Myanmar`s Rohingya Muslims: a stateless people trafficked across Southeast Asia

2015-05-12 09:52:00 |
Myanmar`s Rohingya Muslims: a stateless people trafficked across Southeast Asia
Small boats carrying Rohingya refugees, a Muslim minority from Myanmar victim of persecution and abuse.

 

More than 2,000 boat people from Myanmar and Bangladesh, Mostly Rohingya, have been rescued off the coasts of Indonesia and Malaysia since Sunday.

Scores more have been found dazed and malnourished across southern Thailand this month, Free Malaysia Today reported.

 Who are Rohingya People?   

The Rohingya are a stateless Muslim ethnic group viewed by the United Nations as one of the world’s most persecuted minorities.

Using a dialect similar to that spoken in Chittagong in southeast Bangladesh, the Sunni Muslims are met with hostility by many in majority Buddhist Myanmar who view them as illegal immigrants and refer to them as “Bengali”.

More than a 1.3 million Rohingya live in Myanmar, according to the government. Most live in impoverished western Rakhine state, but are denied citizenship.

There are also estimated 300,000 Rohingya living in Bangladesh’s southern coastal district bordering Myanmar, the vast majority of whom have fled Myanmar in recent decades. But Bangladesh recognises only a small portion as refugees and regularly turns back those trying to cross the border.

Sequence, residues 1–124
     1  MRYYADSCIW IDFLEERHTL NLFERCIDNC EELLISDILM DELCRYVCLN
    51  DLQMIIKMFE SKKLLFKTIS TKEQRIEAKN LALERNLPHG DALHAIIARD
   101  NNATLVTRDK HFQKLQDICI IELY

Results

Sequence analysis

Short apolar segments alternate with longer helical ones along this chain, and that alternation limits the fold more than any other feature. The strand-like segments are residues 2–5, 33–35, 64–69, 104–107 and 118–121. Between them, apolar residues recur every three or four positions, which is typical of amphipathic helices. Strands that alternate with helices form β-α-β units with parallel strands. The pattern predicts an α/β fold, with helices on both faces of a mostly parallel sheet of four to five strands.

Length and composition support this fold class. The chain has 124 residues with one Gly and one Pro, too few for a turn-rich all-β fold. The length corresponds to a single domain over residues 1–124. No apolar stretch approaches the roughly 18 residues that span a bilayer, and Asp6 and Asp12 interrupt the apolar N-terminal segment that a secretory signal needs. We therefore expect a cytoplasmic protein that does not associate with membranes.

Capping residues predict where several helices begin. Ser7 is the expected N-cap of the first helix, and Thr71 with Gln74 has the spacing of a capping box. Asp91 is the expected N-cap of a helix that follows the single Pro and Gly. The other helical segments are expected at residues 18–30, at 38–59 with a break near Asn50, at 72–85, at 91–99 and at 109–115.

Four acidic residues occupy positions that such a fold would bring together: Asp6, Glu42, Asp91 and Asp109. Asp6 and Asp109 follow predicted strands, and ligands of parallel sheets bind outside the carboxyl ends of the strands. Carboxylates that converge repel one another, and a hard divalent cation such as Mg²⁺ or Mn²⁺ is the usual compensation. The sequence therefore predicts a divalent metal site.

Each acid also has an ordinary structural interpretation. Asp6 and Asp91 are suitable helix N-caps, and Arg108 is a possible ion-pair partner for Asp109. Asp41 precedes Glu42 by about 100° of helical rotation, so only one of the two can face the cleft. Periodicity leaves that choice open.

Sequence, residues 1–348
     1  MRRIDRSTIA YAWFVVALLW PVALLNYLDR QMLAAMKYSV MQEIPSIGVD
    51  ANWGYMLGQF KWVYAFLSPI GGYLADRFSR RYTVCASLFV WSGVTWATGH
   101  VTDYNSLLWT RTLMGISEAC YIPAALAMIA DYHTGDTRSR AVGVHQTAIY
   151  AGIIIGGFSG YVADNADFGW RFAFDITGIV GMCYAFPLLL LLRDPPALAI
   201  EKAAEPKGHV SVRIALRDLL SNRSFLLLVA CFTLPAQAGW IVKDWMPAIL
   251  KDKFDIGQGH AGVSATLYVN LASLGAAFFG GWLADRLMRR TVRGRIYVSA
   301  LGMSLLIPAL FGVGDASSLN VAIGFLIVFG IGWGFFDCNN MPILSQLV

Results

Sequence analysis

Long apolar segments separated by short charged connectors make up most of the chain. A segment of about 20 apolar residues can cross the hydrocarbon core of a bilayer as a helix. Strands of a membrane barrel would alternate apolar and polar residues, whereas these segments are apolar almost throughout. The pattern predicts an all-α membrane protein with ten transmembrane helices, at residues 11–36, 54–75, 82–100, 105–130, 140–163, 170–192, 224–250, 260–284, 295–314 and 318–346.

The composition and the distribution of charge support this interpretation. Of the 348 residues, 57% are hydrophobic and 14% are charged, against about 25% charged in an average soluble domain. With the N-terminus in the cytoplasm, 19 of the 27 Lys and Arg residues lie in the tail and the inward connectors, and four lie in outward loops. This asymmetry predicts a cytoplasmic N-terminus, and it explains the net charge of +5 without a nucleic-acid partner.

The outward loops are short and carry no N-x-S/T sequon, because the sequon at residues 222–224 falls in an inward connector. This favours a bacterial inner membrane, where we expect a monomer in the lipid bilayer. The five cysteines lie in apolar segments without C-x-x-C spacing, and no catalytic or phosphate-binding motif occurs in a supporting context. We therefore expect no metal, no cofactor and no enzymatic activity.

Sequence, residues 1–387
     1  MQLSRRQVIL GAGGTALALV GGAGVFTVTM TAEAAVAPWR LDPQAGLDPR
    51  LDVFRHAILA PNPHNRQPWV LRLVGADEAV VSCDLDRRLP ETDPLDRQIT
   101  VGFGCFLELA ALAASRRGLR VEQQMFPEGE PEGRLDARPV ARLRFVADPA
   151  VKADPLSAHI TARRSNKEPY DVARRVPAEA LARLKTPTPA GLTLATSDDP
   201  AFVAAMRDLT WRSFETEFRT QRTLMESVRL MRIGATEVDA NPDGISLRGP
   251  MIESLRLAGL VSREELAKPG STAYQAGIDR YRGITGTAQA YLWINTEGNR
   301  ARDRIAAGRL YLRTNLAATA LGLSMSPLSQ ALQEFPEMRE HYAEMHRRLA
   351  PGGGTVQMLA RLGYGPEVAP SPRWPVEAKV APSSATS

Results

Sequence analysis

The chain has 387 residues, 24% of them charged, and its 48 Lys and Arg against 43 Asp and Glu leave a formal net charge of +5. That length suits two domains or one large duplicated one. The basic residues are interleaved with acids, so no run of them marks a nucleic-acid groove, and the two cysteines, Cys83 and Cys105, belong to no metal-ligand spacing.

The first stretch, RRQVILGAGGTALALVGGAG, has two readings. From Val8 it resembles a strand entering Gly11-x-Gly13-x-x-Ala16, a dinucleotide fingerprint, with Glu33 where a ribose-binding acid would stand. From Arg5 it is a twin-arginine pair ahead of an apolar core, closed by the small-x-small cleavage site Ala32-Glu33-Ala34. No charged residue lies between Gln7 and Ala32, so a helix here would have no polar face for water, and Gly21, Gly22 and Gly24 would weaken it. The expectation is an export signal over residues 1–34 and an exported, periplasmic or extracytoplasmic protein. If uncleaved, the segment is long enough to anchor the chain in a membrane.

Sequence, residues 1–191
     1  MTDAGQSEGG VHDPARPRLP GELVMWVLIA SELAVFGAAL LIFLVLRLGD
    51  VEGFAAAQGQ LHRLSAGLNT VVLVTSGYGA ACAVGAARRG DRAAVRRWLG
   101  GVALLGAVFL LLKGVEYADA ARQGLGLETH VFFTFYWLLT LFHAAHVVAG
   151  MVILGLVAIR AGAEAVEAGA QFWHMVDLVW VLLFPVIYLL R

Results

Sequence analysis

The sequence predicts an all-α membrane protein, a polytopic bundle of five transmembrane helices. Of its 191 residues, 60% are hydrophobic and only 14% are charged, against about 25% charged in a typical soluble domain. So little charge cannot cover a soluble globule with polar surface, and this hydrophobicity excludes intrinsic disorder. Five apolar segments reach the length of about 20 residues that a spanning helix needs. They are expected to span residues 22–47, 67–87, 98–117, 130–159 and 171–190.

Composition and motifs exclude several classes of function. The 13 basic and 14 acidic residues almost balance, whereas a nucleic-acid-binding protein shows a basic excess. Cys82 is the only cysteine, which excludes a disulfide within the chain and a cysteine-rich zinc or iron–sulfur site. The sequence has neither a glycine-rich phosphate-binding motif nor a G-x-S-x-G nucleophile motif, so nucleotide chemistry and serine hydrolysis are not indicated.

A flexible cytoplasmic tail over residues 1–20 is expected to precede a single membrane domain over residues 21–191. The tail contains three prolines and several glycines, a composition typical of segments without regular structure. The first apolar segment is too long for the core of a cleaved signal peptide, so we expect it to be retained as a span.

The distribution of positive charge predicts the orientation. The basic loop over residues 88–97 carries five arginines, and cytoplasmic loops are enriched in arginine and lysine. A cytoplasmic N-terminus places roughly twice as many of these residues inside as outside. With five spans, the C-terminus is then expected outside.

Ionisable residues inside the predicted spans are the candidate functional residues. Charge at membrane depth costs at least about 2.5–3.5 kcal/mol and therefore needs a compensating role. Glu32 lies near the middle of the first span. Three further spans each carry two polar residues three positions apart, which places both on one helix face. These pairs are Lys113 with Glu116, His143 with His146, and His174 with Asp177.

Human Rights groups say many of the unregistered Rohingya in Bangladesh lack access to basic healthcare and are on the verge of starvation, leaving them as easy targets for human traffickers.

Why are they running to find asylum?

Most of country's 1.3 million Rohingya Muslims live in apartheid-like conditions. In 2012, fierce communal violence between Myanmar’s Buddhists and Muslim, massacre of Rohingya minority in Rakhine state by the Buddha extremists got the global attention. Myanmar Government labeled them illegal settlers even though they have lived in the country from centuries.                              

More than 140,000 Rohingya are living in refugee camps since an outbreak of violence between the Majority ethnic Arakanese Buddhists and Rohingya in 2012.

The majority of the camps are in squalid conditions and the population relies heavily on international assistance to survive.

The Rohingya people have long been treated as “foreigners” by Myanmar’s Buddhist majority.

But the Rohingya are not officially recognised, partly owing to a 1982 law stipulating that minorities must prove they lived in Myanmar prior to 182, before the first Anglo-Burmese war, to obtain nationality.

Many Rohingya say their people were in Myanmar long before then, but while there have been suggestions from the authorities that citizenship could be granted to those with a long-standing link to the country, proving a Myanmar heritage will be difficult.

 

How many are displaced?

The UN refugee agency says well over 120,000 have fled since the 2012 violence, an exodus that is gathering pace.

The organization estimates 25,000 people from Myanmar and Bangladesh have taken to boats headed south in the first three months of this year alone.

An estimated 53,000 left in 2014, braving the sea crossing to southern Thailand with many headed for Malaysia and beyond.

Hundreds Rohingya Muslims die at sea every year.

Of those who survive, many fall into the hands of people traffickers in neighboring Thailand which has become a hub for the trade in people often with government, police and navy officials’ involvement in the multi-million dollar trade.

Dozens of shallow graves believed to belong to Rohingya and Bangladeshi migrants have been unearthed in southern Thailand since early May.

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Tags: #Anti-Muslim #Rohingya-Muslims #Genocide-of-Muslims #

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